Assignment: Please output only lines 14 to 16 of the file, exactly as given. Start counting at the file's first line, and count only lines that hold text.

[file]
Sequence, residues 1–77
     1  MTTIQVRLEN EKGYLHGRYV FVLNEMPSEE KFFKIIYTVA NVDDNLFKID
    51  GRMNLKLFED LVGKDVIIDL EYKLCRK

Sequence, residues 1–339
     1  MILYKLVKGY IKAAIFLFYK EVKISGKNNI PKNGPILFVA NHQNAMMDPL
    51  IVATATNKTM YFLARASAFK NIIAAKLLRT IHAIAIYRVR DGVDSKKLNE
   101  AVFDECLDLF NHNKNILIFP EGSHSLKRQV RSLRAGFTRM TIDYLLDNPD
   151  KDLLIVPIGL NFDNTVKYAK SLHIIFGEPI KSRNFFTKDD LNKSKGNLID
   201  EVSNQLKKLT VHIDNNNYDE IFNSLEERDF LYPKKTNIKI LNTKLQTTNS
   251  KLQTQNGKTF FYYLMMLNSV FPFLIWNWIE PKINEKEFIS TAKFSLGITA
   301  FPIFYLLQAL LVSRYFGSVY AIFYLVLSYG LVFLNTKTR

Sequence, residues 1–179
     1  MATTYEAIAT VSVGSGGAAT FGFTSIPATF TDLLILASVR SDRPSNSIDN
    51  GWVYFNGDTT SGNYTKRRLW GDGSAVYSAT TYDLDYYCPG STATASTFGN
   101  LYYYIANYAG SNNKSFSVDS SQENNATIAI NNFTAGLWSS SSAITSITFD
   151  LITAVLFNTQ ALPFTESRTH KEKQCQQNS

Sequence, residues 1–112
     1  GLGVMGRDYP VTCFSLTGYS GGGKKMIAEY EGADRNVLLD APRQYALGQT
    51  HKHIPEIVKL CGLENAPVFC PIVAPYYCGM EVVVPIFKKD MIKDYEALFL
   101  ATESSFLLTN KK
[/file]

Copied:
    51  GWVYFNGDTT SGNYTKRRLW GDGSAVYSAT TYDLDYYCPG STATASTFGN
   101  LYYYIANYAG SNNKSFSVDS SQENNATIAI NNFTAGLWSS SSAITSITFD
   151  LITAVLFNTQ ALPFTESRTH KEKQCQQNS